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Florida Court Puts the Claim of Landlord’s Insurer In The No-Fly Zone

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In United States Aviation Underwriters v. Turnberry Airport Holdings, LLC, No. 3D22-270, 2023 Fla. App. LEXIS 1207 (U.S. Aviation), the Court of Appeal of Florida, Third District (Appellate Court) considered whether the insurer for a commercial landlord could pursue subrogation against the landlord’s tenant.  Based on the terms of the lease between the landlord and the tenant, the Appellate Court held that the landlord’s insurer could not pursue subrogation.

In U.S. Aviation, the defendant, Turnberry Airport Holdings, LLC (Turnberry Airport) leased space to an insured aircraft owner.  The lease contained the following provision:

TENANT agrees that all policies of insurance obtained by it in connection with the Space or as required hereunder shall contain appropriate waiver of subrogation clauses.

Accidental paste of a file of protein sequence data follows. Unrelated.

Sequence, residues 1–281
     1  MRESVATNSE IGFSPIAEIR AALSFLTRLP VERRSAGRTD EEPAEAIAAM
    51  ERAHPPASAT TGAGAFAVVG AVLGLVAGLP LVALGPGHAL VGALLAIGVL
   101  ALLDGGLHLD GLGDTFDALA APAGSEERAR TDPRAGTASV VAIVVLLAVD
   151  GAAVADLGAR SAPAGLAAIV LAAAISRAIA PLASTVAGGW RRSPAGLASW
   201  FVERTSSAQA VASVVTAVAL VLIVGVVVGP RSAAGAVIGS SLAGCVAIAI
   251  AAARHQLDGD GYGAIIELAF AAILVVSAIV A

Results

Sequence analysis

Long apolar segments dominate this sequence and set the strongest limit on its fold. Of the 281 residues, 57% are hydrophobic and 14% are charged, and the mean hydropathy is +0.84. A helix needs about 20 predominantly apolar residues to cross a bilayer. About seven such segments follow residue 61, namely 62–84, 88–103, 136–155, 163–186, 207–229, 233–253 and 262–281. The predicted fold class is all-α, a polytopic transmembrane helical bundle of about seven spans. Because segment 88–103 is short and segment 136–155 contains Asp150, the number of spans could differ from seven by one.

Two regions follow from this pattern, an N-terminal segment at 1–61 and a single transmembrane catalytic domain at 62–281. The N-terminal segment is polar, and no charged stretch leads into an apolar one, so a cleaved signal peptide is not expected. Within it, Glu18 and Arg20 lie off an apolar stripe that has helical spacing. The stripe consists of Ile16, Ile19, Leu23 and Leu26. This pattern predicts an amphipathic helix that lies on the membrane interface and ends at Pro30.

As required by the lease, the tenant secured a policy that expressly waived subrogation as to Turnberry Airport.  The insurance policy stated:  “The ‘Rights against third parties’ section of your policy shall not apply to Turnberry Airport Holdings, LLC . . . .”

After the aircraft owner’s plane sustained damage when a fire suppression system in the hanger went off, the insured filed a claim with its insurer.  The insurer paid the claim and filed a subrogation action against Turnberry Airport.

The trial court granted summary judgment against the insurer and the Appellate Court affirmed the holding.  The Appellate Court did not expressly address the language of the lease.  However, the court found that the language of the policy was unambiguous.  Thus, the Appellate Court affirmed the trial court.

U.S. Aviation serves as a reminder that even if courts do not apply the Sutton Doctrine – and treat a tenant as an implied co-insured on its landlord’s property insurance policy – the language of the lease and/or the policy itself may still waive subrogation.  Therefore, before considering whether to pursue subrogation against a tenant, subrogation professionals should carefully review the language of both the lease and the policy to determine whether the language of either precludes subrogation.

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